• Health Issues: PVTGs suffer from many health problems like anaemia, malaria; gastro-intestinal disorders; micro nutrient deficiency and skin diseases due to poverty, lack of safe drinking water, bad sanitation, lack of health services, superstition and deforestation. Uncontacted tribal group such as the Sentinelese tribe of Andaman are also at the very high risk of contracting diseases in case of contact with outsiders
  • Illiteracy: Though literacy rate among many PVTGs have increased over the past years, it still remains low at 30-40%. Further, poor female literacy is a major concern
  • Vulnerabilities of tribes in Andaman and Nicobar: The fragile tribal communities have been facing expropriation of their ecosystem by outsiders. The outside influences are impacting their land use patterns, use of the sea, overall biodiversity leading to material and non-material changes.

Various measures undertaken for the welfare of PVTG:

  • The Scheme for Development of Primitive Vulnerable Tribal Groups (PVTGs):It is a flexible scheme and covers funding for activities like housing, land distribution, land development, agricultural development, animal husbandry, construction of link roads, installation of non-conventional sources of energy for lighting purpose, social security including Janshree Bima Yojana or any other innovative activity meant for the comprehensive socio-economic development of PVTGs.
  • Priority is also assigned to PVTGs under the schemes of Special Central Assistance (SCA) to Tribal Sub-Scheme (TSS),Grants under Article 275(1) of the Constitution, and Grants-in-aid to Voluntary Organisations working for the welfare of Scheduled Tribes.
  • Each state and the Andaman and Nicobar Islands’ administration, is required to prepare a long term Conservation-cum-Development (CCD) plan, valid for a period of five years for each PVTG within its territory, outlining the initiatives it will undertake, financial planning for the same and the agencies charged with the responsibility of undertaking the same.
  • The Scheduled Tribes and Other Traditional Forest Dwellers (Recognition of Forest Rights) Act 2006 (FRA)recognizes the forest and habitat rights of the PVTGs.

Protection and Statutory rights given to them are:

  • The Scheduled Tribes and Other Traditional Forest Dwellers (Recognition of Forest Rights) Act, 2006 (FRA) has a special section regarding the 75 PVGTs and the Act recognises forest and habitat rights of PVTGs.
  • Provisions of the Panchayats (Extension to the Scheduled Areas) Act, 1996 (PESA): It extends Scheduled Areas of India under the purview of national framework of Panchayat. However, this act is not applicable to Jammu and Kashmir, Nagaland, Meghalaya and Mizoram and certain other areas including scheduled and tribal areas.
  • The Sentinelese and other aboriginal tribes of the Andaman& Nicobar Islands are protected under The Andaman and Nicobar (Protection of Aboriginal Tribes) Regulation, 1956
  • Under the Foreigners (Restricted Areas) Order, 1963, the Andaman & Nicobar Islands are a “Restricted Area” in which foreigners with a restricted area permit (RAP) can stay.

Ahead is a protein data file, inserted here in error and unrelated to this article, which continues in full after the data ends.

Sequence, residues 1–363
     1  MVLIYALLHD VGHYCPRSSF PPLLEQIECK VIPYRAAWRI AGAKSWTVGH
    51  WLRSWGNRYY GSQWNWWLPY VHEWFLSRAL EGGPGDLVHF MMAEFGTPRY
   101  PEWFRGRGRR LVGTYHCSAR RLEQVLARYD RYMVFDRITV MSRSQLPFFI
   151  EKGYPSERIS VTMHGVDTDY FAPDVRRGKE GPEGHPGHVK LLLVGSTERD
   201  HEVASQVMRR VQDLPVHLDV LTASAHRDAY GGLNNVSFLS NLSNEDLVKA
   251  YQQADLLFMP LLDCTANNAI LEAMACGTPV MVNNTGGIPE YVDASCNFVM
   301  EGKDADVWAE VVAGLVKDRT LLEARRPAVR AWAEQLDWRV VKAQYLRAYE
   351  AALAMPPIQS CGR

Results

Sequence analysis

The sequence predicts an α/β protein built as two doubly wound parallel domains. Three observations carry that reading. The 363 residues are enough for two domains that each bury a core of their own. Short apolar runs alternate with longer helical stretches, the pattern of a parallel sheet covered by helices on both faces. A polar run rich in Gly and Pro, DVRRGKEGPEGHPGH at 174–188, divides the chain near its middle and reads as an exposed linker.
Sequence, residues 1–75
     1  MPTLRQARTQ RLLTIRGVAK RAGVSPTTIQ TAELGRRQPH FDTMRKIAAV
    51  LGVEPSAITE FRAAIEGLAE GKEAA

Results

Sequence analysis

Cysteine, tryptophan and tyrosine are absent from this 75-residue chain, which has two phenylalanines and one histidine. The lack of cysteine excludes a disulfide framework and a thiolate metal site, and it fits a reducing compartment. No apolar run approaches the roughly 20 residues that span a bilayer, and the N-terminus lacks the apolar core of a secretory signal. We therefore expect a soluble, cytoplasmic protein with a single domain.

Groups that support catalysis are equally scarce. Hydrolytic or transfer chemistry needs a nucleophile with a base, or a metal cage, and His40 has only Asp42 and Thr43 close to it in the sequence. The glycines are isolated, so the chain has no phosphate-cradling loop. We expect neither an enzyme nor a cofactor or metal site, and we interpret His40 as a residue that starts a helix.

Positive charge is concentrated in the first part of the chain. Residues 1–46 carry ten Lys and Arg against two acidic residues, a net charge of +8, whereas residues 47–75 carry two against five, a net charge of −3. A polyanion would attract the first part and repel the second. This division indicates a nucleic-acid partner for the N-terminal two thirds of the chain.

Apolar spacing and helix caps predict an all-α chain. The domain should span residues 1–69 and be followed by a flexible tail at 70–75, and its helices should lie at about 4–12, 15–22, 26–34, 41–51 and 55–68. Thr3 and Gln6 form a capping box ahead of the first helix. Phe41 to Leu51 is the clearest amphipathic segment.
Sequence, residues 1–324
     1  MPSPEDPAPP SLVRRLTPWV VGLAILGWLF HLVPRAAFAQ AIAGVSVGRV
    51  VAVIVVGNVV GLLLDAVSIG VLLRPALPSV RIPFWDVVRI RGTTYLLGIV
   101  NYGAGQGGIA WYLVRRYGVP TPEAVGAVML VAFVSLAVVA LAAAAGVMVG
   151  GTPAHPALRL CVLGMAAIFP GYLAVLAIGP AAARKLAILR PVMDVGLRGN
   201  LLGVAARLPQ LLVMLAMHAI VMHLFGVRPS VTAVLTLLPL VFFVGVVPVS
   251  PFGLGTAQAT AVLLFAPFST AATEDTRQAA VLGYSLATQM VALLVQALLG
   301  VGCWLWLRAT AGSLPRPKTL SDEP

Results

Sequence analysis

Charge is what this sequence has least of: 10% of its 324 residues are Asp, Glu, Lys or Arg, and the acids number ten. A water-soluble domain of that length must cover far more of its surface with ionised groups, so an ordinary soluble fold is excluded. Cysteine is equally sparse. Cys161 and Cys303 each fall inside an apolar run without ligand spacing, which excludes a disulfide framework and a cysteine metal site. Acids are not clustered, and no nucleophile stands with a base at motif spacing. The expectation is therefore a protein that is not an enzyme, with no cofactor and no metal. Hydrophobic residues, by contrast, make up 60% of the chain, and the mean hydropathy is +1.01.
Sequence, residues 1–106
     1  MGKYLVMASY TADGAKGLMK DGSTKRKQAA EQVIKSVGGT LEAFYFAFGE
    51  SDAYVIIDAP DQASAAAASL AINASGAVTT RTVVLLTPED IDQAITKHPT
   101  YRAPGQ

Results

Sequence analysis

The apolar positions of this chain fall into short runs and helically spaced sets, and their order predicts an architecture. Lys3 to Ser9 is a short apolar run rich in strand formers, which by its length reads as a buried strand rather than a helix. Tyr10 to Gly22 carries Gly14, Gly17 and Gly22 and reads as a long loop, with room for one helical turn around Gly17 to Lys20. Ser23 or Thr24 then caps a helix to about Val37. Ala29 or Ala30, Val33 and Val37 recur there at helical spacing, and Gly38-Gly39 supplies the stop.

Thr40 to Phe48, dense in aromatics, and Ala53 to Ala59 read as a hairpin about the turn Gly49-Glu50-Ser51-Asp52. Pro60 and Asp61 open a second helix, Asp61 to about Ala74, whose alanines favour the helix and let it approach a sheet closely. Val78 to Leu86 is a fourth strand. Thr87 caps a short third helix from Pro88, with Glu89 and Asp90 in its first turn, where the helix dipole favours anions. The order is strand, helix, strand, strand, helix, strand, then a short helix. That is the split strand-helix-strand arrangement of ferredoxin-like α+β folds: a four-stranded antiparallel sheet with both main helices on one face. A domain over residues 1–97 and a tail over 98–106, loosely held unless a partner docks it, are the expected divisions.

• The habitats of the PVTGs of Andaman and Nicobar Island is protected Tribal Reserve under the Andaman and Nicobar Islands (Protection of Aboriginal Tribes) Regulation, 1956

Way forward:

  • Along with the Census, a proper survey should be conducted to comprehensively capture the data on PVTGs- population enumeration, health status, nutritional level, education, vulnerabilities etc. This would help implement welfare measures better
  • Of the 75 PVTGs, those groups whose population is declining should be clearly identified and survival strategy should be devised
  • PVTGs threatened with relocation of wildlife areas or development projects should be identified and actionable strategies should be devised to prevent the same
  • It is important to recognise the innate connection between PVTGs and their lands and habitats. Therefore, a rights-based approach for development of PVTGs should be adopted
  • Effective, preventive and curative health systems should be developed to address the health issues plaguing PVTGs
  • A massive exercise in creating awareness about PVTG Rights, amongst communities, officials and civil society groups, is needed. It is important to respect their culture, traditions, beliefs and sustainable livelihoods.
  • The government needs to revamp its priorities towards protecting the indigenous tribes of A&N islands from outside influence. India needs to sign the 1989 convention of the ILO, and implement its various policies to protect the rights of the indigenous population.
  • The Government must make efforts to sensitise settlers and outsiders about PVTGs of Andaman and Nicobar Islands

Conclusion

The principles of Tribal Panchsheel must be followed while working for the welfare of PVTGs and they must be allowed to catch up with the mainstream at their own pace. An enabling environment must be created in which communities are empowered to make their own life and livelihood choices and choose their path of development.

 

Topic: India and its neighborhood- relations.